Is Nam June Paik the Next Big Thing in Art Collecting World?
Contemporary Korea-born American artist's works are selling at bargain prices.
After a Jean-Michel Basquiat went for a record $110.5 million last week, art collectors are on the lookout for the next big thing.
Bloomberg reports aficionados should be looking no further than Korean-born American artist Nam June Paik, who is “widely considered the father of video art.”
The publication may have a point. Paik’s archives are already in the Smithsonian Institution, and two years ago, it was announced that his estate would be represented by Gagosian Gallery.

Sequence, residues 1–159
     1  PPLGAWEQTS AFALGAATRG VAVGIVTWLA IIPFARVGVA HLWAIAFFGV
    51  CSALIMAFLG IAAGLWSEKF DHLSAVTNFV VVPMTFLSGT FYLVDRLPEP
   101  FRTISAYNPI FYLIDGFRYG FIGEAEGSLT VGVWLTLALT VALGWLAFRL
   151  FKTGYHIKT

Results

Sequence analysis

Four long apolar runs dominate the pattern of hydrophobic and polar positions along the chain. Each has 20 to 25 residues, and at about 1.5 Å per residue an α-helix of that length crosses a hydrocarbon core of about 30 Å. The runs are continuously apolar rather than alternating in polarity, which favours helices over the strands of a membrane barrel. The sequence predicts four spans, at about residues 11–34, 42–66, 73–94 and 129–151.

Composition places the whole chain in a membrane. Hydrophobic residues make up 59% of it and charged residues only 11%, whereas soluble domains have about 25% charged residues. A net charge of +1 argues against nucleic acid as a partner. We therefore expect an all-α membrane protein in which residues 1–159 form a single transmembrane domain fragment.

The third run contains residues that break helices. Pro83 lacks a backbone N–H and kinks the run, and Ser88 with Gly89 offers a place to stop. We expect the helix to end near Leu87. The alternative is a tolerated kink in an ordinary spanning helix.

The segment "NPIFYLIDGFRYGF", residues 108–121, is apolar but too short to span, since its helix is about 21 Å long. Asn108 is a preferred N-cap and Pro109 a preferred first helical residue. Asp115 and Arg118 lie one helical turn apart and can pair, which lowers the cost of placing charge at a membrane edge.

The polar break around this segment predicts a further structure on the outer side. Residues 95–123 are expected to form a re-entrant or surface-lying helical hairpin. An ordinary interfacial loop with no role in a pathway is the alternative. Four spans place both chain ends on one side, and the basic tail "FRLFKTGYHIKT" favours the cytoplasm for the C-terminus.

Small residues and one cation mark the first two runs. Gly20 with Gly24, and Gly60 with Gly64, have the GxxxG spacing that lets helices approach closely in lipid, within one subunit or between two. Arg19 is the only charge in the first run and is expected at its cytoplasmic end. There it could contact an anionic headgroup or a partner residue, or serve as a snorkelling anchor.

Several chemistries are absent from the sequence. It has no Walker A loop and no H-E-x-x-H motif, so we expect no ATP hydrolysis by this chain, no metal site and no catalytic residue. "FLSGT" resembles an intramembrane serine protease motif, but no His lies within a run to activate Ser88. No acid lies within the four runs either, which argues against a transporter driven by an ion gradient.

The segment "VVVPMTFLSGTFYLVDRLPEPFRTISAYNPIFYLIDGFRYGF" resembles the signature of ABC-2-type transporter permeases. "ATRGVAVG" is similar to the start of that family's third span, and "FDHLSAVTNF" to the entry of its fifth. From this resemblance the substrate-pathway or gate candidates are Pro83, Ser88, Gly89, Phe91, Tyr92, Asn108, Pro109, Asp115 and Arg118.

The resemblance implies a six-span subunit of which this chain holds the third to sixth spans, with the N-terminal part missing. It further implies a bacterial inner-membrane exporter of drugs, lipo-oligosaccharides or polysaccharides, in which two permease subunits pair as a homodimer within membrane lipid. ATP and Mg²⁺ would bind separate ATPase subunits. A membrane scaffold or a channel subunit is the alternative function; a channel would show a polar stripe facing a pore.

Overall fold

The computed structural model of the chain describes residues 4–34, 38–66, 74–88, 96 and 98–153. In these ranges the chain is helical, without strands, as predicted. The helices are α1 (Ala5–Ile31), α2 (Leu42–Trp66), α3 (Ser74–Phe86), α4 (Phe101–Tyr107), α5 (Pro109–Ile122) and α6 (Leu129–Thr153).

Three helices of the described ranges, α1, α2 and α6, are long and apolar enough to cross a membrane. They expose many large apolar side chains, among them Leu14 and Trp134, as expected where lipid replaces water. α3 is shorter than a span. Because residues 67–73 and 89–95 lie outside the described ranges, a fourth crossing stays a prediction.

But per Bloomberg, prices for Paik’s works currently sit in the $20,000–$200,000 range, not the millions, which some of his contemporaries like Robert Rauschenberg command.
His early works found patronage in Germany, and Paik continued to sell, but not via one gallery—which may have led to the issue of his works’ value not rising incrementally.
Another issue in terms of its value? How difficult the art is to understand. “Visually (his art) is nice, but the content can be heavy and philosophically deep. It’s not so easy,” Jochen Saueracker, an artist who worked with Paik for years, told Bloomberg. Plus, given that his work is video- and TV-based, the fact that both degrade could also have an adverse effect.
Paik’s works will be included in auctions in Hong Kong, South Korea, and New York this spring. You might just find the bargain of a lifetime in one of them.
Watch one of Paik’s video-based works from 1976 in action below.
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